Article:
A son of Burnley, who achieved a childhood dream to become a pilot, was at the helm of the British Airways 777 that flew the the Paralympic GB athletes home from Rio.
And for Senior First Officer Ian Walker this was the highlight of his 10 year career. He said: "I feel truly honoured that a boy from Burnley had a dream to become a pilot and having realised that dream I had the responsibility to safely fly our athletes home.
"As a British Airways pilot it is engrained in our character, "To fly, to serve" and I feel we certainly carried this out.
"To have flown the Paralympic GB athletes back home makes me feel extremely proud to be British and work for British Airways.
"This was without doubt the highlight of my career to date, the memories and feelings will stay with me forever."
A former pupil of Habergham High School and sixth form Ian started flying at the age of 14 and obtained all of his flying licences by the age of 19.
Married, and with family who still live in Burnley, Ian said it was a great honour to meet the athletes who he said were very "humble" and more interested in asking the pilots and cabin crew about the aircraft rather than talking about their amazing achievements.
Ian said: " I met various athletes including Ellie Simmonds, Ellie Robinson, Stefanie Reid, Toby Gold and Jonathan Broom Edwards. The amazing Ellies even came into the flight deck to have photographs taken with their medals.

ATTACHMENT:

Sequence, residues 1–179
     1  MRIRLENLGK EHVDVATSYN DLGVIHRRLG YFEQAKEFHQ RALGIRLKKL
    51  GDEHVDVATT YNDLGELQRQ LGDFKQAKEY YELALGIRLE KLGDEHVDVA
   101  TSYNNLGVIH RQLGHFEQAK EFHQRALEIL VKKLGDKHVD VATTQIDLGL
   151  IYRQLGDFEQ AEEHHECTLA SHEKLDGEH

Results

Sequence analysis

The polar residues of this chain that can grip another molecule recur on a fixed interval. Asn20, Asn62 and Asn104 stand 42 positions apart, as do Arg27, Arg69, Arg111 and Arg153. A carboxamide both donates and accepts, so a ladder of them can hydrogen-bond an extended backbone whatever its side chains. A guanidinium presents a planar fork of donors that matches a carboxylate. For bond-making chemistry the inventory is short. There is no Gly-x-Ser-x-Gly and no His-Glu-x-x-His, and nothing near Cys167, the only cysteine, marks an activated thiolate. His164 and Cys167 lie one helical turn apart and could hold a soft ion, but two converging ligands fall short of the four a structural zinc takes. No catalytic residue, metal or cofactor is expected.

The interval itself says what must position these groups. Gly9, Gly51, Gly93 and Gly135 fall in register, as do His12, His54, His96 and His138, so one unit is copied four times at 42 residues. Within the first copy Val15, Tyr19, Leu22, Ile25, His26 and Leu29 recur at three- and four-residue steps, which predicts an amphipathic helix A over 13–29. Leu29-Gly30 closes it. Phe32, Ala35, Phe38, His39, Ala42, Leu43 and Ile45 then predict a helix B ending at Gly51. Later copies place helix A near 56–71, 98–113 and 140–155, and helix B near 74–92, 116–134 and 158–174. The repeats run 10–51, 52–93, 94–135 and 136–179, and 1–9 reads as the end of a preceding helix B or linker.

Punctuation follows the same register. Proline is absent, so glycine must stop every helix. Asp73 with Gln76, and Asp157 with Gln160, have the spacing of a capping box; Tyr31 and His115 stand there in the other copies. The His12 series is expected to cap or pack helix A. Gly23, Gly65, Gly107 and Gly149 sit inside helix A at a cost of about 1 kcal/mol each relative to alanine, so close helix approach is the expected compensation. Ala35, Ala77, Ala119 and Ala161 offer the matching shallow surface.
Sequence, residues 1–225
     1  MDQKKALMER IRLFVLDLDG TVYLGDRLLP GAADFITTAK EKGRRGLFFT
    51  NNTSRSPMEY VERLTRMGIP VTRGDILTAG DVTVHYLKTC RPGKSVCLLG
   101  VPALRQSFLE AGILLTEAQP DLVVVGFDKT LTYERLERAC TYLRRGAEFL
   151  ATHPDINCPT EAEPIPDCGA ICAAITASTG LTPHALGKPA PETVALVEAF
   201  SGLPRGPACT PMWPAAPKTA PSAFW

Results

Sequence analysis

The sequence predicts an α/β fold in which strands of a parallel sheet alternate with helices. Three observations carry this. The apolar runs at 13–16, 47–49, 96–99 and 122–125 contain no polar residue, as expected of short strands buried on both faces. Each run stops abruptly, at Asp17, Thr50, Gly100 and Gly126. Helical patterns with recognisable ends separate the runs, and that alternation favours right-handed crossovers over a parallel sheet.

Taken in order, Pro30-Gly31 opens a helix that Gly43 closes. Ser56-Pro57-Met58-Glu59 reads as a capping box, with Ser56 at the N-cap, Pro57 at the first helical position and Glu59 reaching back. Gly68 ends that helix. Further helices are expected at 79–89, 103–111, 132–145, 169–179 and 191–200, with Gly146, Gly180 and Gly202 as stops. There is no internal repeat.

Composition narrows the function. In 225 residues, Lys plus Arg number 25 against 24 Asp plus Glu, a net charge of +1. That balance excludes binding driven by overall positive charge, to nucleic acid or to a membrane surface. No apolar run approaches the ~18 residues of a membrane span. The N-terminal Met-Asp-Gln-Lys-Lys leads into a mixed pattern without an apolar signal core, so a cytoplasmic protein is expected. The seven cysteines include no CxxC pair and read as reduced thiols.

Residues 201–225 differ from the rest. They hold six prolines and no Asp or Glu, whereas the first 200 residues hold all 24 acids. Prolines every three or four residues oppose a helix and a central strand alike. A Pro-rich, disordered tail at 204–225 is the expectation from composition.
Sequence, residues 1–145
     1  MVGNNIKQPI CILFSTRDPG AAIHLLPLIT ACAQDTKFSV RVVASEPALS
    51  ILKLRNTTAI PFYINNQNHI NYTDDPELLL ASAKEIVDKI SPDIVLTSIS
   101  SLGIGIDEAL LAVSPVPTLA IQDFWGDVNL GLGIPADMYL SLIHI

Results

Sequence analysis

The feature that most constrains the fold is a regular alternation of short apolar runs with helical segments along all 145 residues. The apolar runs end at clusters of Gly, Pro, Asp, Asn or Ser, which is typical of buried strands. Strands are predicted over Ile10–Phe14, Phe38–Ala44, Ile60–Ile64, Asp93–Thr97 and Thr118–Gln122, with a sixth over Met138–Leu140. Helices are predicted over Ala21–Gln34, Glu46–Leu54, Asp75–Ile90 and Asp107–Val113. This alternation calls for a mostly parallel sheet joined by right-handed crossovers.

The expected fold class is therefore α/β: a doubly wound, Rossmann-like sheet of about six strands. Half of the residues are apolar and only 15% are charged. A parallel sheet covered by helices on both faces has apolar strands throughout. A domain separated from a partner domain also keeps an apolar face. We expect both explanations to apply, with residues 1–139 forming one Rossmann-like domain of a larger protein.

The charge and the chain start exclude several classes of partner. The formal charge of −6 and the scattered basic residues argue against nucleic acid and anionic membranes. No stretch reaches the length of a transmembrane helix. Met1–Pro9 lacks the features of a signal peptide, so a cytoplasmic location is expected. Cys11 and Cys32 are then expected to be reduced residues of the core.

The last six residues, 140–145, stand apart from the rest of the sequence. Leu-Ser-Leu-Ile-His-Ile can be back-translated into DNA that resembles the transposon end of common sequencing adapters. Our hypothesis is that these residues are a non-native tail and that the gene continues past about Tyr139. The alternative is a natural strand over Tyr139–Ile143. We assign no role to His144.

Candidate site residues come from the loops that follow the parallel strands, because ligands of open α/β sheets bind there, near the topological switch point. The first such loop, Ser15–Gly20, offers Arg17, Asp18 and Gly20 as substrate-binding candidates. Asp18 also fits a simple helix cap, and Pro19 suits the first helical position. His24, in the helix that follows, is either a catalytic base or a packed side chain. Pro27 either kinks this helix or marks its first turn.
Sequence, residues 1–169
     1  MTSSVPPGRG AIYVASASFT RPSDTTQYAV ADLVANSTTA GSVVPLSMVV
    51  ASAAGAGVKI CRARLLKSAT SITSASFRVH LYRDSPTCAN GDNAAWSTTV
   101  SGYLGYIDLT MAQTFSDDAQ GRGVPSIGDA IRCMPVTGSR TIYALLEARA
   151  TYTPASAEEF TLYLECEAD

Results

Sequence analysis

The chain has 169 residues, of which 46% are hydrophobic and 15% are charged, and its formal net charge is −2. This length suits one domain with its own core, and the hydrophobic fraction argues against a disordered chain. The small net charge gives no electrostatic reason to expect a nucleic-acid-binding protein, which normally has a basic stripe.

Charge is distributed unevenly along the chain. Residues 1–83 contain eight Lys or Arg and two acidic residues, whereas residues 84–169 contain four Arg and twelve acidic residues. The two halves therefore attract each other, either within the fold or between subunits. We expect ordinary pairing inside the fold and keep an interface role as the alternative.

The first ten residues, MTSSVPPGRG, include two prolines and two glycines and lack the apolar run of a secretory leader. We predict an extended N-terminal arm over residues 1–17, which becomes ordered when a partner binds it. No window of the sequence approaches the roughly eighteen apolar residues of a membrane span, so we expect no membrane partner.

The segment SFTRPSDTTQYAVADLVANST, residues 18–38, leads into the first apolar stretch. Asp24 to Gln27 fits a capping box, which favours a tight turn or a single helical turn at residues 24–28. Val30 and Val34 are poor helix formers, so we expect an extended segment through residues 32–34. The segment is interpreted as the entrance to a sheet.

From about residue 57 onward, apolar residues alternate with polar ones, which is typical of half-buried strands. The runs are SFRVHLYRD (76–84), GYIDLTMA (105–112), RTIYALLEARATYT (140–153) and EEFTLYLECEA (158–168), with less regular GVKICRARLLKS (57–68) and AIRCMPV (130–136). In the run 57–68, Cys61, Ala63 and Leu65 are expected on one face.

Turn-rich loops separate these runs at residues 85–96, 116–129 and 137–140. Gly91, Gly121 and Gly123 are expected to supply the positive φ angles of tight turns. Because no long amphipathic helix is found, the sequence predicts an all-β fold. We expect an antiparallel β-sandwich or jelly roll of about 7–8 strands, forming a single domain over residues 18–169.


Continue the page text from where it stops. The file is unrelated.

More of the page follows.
"All of the athletes had inspirational stories and were looking forward to getting home to spend time with friends, family and get some well-deserved rest.
Ian added: "The atmosphere at the airport in Rio and on board the aircraft was really positive and electric.
"As we walked through the airport waving Union Jack flags we were greeted to rounds of applause and cheering.
"It made you feel extremely proud to be British and be flying our heroes home."
Throughout the flight the crew sent various messages back to British Airways in London, informing them when they left Rio, crossed the equator, passed Cape Verde, Tenerife and then started our descent. And it all added to the excitement on board, knowing that the flight was nearing home.
The aircraft, which was named Victorious, was decorated with Union Jack bunting and flags and British Airways had prepared a special menu for the athletes and loaded extra champagne to toast their success.
Half an hour before landing the national anthem was played on the plane's PA system and Ian said there was a great reaction and a real sense of pride and honour.
He said: " From the moment we entered the airport terminal in Rio to be greeted with applause and cheers right the way through to when I spoke to the control tower at London Heathrow with the controller saying "on behalf of all the controllers at Heathrow, thank you for flying our athletes home," it truly was a remarkable trip.
"I will never forget the feeling as we walked through arrivals in Terminal 5 at Heathrow to be greeted by a sea of Union Jacks, TV cameras and photographers.
"All we had done was our job, to safely fly our athletes back home, yet the general public were so excited and grateful to us for doing this.
"It truly was a magical moment."